Proper Gander

Cabarets in the lunch hour

Sitting down to watch The British At Work (BBC2), you soon realise that this documentary series has been beamed in from a parallel universe. The first hint that it doesn’t relate to our world comes in presenter Kirsty Young’s preamble. She says “chances are that most of you…will firmly believe that you, like me, have spent the day doing a job you enjoy. … And I’m pretty sure you feel that you’re part of a workforce where everyone’s treated with respect”. In Young’s world, anyone can stride confidently around London, empowered and fulfilled.

But working life wasn’t always like this, even in the perfect society where Young lives. The first episode covers employment trends between 1945 and 1964, when this other universe was black-and-white, all working men wore cloth caps and all the women had their bottoms pinched. The programme tells us how sexism and racism were problems caused by the ignorance of these workers alone. And it was their backward and pessimistic outlooks which led to laziness and inefficiency. The unions only made things worse by focusing solely on pedantically following every rule about demarcation to the letter. Before these workers were saved by health and safety legislation, they actually worked in places harmful to their wellbeing. However, the occasional workplace death could be excused because the bosses looked after their staff, with yearly outings to the seaside and cabarets in the lunch hour.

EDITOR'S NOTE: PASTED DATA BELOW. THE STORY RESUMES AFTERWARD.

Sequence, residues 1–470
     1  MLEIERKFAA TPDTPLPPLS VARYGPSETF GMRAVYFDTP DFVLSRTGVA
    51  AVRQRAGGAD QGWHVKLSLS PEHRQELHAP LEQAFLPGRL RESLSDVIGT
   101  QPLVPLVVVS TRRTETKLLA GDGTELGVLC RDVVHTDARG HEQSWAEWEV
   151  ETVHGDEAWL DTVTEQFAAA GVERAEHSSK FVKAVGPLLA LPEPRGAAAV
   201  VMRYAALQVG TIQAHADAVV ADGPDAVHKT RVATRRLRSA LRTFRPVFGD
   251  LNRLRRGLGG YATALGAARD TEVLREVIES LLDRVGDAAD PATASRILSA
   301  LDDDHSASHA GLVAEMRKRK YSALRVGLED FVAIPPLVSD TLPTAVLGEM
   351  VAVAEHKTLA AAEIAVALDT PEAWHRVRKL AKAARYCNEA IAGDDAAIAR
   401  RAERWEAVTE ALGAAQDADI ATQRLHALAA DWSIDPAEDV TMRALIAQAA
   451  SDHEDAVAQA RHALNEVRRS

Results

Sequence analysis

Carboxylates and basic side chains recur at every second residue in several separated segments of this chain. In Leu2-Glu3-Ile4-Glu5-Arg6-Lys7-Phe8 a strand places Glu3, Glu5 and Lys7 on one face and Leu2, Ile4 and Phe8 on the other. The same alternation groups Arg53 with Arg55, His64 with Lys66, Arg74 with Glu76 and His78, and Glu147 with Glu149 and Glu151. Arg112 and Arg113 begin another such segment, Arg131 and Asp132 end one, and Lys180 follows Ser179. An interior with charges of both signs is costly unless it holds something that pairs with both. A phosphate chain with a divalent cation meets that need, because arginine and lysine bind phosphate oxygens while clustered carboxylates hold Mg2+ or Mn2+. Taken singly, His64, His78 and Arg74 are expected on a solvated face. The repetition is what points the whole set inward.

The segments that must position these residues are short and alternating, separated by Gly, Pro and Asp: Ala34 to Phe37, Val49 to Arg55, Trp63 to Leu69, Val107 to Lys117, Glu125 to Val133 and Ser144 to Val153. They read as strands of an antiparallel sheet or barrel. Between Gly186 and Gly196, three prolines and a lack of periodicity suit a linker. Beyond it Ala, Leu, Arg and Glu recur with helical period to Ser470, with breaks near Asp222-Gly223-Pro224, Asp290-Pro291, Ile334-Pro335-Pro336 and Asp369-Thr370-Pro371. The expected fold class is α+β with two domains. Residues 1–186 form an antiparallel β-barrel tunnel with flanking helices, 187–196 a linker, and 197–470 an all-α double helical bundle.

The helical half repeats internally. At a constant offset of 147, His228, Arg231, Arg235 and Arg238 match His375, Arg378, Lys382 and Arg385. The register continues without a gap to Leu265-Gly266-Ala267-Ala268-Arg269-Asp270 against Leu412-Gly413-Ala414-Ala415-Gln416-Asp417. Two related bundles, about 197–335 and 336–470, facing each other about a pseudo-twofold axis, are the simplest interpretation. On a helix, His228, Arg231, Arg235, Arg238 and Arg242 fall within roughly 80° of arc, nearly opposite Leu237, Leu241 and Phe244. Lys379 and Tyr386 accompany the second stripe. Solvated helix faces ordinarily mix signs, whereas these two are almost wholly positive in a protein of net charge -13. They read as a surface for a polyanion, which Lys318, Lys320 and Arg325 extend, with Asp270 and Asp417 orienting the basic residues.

So, although this parallel universe has some superficial similarities, its history isn’t quite the same as ours. And some concepts and words have a different meaning there to what we would recognise. In Young’s world, ‘the working class’ just means manual labourers, preferably with a funny accent and fusty clothes. ‘The bosses’ is a more vague term, meaning both capitalists (who always wore top hats) and the workers in bowler hats we would call managers. The society described by Young doesn’t seem to have a capitalist class at all now, since top hats went out of fashion.

The BBC should be applauded for having the technology to send its film crews to this other universe. Maybe they are there most of the time, as programmes like South Riding and Silk also seem to be set in places with different rules about how workplaces function. If only they would film more in the real world.


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